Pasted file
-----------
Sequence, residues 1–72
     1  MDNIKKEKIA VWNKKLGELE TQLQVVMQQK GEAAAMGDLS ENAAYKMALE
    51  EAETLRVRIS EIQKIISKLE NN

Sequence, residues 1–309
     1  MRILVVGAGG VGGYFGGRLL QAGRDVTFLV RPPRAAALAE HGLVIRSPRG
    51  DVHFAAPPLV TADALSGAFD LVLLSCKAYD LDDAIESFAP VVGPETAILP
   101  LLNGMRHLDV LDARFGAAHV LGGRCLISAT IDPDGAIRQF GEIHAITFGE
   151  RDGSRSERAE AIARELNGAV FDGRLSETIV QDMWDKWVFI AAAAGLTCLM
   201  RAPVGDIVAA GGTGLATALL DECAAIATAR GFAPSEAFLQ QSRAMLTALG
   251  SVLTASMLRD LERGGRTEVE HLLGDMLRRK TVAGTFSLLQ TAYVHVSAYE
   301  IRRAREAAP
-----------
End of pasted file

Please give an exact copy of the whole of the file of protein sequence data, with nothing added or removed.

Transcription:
Sequence, residues 1–72
     1  MDNIKKEKIA VWNKKLGELE TQLQVVMQQK GEAAAMGDLS ENAAYKMALE
    51  EAETLRVRIS EIQKIISKLE NN

Sequence, residues 1–309
     1  MRILVVGAGG VGGYFGGRLL QAGRDVTFLV RPPRAAALAE HGLVIRSPRG
    51  DVHFAAPPLV TADALSGAFD LVLLSCKAYD LDDAIESFAP VVGPETAILP
   101  LLNGMRHLDV LDARFGAAHV LGGRCLISAT IDPDGAIRQF GEIHAITFGE
   151  RDGSRSERAE AIARELNGAV FDGRLSETIV QDMWDKWVFI AAAAGLTCLM
   201  RAPVGDIVAA GGTGLATALL DECAAIATAR GFAPSEAFLQ QSRAMLTALG
   251  SVLTASMLRD LERGGRTEVE HLLGDMLRRK TVAGTFSLLQ TAYVHVSAYE
   301  IRRAREAAP